The goals are:

  • On Reader enable, no bandwidth spike of multiple copies that are ultimately dropped as redundant
  • No non-deterministic CPU hit on the user's Reliable, Persistent DataWriter as cycles are burnt to coalesce the history and send it
  • No injected, steady-state latency waiting for the redirected (DW->PS->DR*) traffic

While RTI doesn't supply a single, out-of-the-box configuration (such as Delegated Reliability) that minimizes the generation of duplicates, we do provide a set of configuration values which work to directly reduce the amount of duplicated instances being sent to DataReaders. These config values are pulled in from various other things, and so what we are working here should be seen as a Great Big Side Effect, and YMMV.

In the Persistence Service, configure the PRSTDataWriters with the following added QoS values:

<datawriter_qos>
    <protocol>
        <push_on_write>false</push_on_write>
    </protocol>

    <reliability>
        <kind>RELIABLE_RELIABILITY_QOS</kind>
        <acknowledgment_kind>APPLICATION_AUTO_ACKNOWLEDGMENT_MODE</acknowledgment_kind>
    </reliability>
</datawriter_qos>

The push_on_write (false) field disables the PRSTDataWriters from automatically forwarding available data to known DataReaders when the original DataWriter writes something new, stopping "new" data from being duplicated on the wire automatically.

The acknowledgment_kind field tells the reliability protocol to expect existence of "virtual acknowledgements". The Virtual Ack is part of the Application-level Acknowledgement that was added as part of 4.5f. Reliability itself only tracks that the receiving middleware has received each sent instance, there was no way to announce that the application had seen it. The virtual acks allow the Persistence Service (and the DataWriter) to track what subscribing DataReaders have received, even if they themselves didn't send the original instance.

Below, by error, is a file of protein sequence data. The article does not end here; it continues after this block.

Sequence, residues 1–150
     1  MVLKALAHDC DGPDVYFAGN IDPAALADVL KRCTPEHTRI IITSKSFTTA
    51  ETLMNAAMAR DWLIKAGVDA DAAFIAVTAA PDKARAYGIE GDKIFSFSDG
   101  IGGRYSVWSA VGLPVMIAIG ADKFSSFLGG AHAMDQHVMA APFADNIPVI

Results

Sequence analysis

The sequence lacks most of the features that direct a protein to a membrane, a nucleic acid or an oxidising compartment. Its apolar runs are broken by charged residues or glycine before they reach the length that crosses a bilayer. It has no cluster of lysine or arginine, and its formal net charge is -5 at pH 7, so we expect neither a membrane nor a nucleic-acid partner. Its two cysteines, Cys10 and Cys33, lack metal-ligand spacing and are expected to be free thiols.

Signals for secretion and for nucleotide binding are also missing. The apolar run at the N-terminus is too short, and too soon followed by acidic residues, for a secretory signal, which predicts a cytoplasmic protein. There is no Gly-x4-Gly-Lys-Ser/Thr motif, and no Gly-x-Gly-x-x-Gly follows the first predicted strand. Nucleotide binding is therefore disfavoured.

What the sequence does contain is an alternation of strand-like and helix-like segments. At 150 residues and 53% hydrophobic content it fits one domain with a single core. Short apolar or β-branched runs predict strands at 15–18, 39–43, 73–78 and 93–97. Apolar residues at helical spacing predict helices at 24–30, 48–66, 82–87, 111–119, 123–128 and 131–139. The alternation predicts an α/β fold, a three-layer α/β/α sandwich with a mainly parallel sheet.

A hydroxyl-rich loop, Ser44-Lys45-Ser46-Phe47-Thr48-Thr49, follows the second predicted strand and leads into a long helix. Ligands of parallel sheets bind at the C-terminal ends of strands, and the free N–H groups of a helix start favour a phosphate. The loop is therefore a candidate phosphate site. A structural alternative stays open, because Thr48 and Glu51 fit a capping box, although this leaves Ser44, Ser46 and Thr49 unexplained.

In your own DataWriters and DataReaders,

<datawriter_qos>
    <reliability>
        <kind>RELIABLE_RELIABILITY_QOS</kind>
        <acknowledgment_kind>APPLICATION_AUTO_ACKNOWLEDGMENT_MODE</acknowledgment_kind>
    </reliability>
</datawriter_qos>

<datareader_qos>
    <protocol>
        <rtps_reliable_reader>
            <samples_per_app_ack>1</samples_per_app_ack>
        </rtps_reliable_reader>
    </protocol>

    <reliability>
        <kind>RELIABLE_RELIABILITY_QOS</kind>
        <acknowledgment_kind>APPLICATION_AUTO_ACKNOWLEDGMENT_MODE</acknowledgment_kind>
    </reliability>

    <availability>
        <required_matched_endpoint_groups>
            <element>
                <quorum_count>1</quorum_count>
                <role_name>PERSISTENCE_SERVICE</role_name>
            </element>
        </required_matched_endpoint_groups>
    </availability>
</datawriter_qos>

The samples_per_app_ack field tells the DataReader to send (for each instance presented to the application) a virtual acknowledgment. There are two ways to cause an auto-virtual ack, by sample count, or by time, we're showing the per sample method here.

The availability fields tell the DataReader that there is a Persistence Service out there that it will need to send virtual acknowledgements to.

This minimizes the number of duplicates sent by the Persistence Service — it is not currently possible to entirely prevent them. It also increases the amount of steady state "overhead" traffic, which may be problematic. Sometimes this is the preferred behavior. One of the goals was reducing the overall latency between writes and final reception (either direct or repaired). Either the reader gets the original write directly from the Reliable Writer, or it gets its repair write from either the Writer or the Persistence Service, whichever gets there first.

Questions? Please do ask in the comments below.